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Taiwan bans the slaughter of cats and dogs for human consumption

FILE - In this June 23, 2013 file photo a dog waits to be sold for meat in a market in Yulin, in southern China's Guangxi Zhuang Autonomous Region. Taiwan has banned the slaughter of dogs and cats for human consumption.
FILE - In this June 23, 2013 file photo a dog waits to be sold for meat in a market in Yulin, in southern China's Guangxi Zhuang Autonomous Region. Taiwan has banned the slaughter of dogs and cats for human consumption. (AP Photo/Humane Society International, File)

Taiwan has become the first Asian country to prohibit the slaughter of cats and dogs for human consumption.

An amendment to the country’s Animal Protection Act that was approved this week also increases penalties for cruelty toward animals.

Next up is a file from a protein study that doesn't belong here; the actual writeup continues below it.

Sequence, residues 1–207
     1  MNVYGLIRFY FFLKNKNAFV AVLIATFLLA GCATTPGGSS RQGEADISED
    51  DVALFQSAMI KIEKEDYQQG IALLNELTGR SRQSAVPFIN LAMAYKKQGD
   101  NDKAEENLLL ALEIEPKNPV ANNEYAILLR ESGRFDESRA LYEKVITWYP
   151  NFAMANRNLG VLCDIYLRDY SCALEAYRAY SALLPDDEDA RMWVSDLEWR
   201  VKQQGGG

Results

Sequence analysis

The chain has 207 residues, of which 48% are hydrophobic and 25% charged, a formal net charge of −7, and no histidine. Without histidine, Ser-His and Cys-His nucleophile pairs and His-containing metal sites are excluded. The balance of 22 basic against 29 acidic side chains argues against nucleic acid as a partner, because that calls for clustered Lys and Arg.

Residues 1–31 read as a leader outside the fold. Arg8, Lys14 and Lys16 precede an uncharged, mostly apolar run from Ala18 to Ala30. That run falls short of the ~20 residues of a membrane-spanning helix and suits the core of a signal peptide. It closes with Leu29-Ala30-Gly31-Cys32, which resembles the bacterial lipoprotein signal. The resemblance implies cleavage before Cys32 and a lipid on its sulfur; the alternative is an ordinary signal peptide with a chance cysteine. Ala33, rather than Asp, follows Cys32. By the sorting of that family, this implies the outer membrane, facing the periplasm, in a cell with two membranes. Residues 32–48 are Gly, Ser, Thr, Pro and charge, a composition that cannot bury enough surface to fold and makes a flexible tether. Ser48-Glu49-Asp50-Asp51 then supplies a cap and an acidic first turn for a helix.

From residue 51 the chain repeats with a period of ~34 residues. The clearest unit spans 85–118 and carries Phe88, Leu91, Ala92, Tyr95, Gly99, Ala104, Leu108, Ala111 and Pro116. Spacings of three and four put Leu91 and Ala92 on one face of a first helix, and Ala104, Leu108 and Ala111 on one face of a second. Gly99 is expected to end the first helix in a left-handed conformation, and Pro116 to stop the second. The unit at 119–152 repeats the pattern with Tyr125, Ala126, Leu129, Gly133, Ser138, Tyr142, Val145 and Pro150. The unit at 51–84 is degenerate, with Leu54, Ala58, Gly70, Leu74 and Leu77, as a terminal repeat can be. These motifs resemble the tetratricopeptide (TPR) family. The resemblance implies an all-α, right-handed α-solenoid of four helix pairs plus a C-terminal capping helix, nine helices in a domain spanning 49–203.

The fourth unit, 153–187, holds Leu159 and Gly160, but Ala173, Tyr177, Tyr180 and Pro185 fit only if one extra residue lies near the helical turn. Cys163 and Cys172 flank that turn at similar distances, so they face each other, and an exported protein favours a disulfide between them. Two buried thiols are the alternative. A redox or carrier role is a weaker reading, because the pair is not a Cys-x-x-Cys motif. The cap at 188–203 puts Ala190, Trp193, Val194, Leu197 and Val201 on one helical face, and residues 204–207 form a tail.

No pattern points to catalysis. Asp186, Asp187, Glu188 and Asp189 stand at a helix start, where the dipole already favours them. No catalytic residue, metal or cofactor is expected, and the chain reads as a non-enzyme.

READ MORE: 110 pooches rescued from dog meat festival arrive in Canada

The maximum prison time for deliberate harm to animals has been doubled to two years from one, and the maximum fine has been increased to $2 million Taiwan New Dollars, which is about $87,500 Canadian.

The prison term and fine can apply to deliberate harm causing mangled limbs, organ failure or death, Focus Taiwan News Channel reports.

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The new rules also ban the sale and consumption of cat and dog meat in any form. Anyone caught in violation could be fined, and have their name and image publicized.

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Taiwan first passed a law in 2001 banning the use of fur and meat from pets — such as dogs and cats — for “economic purposes,” the BBC reports.

The tightening of animal protection laws in the country have been in response to a cultural shift that has seen the animals become more commonly kept in the home as pets rather than seen as food, Focus Taiwan said.

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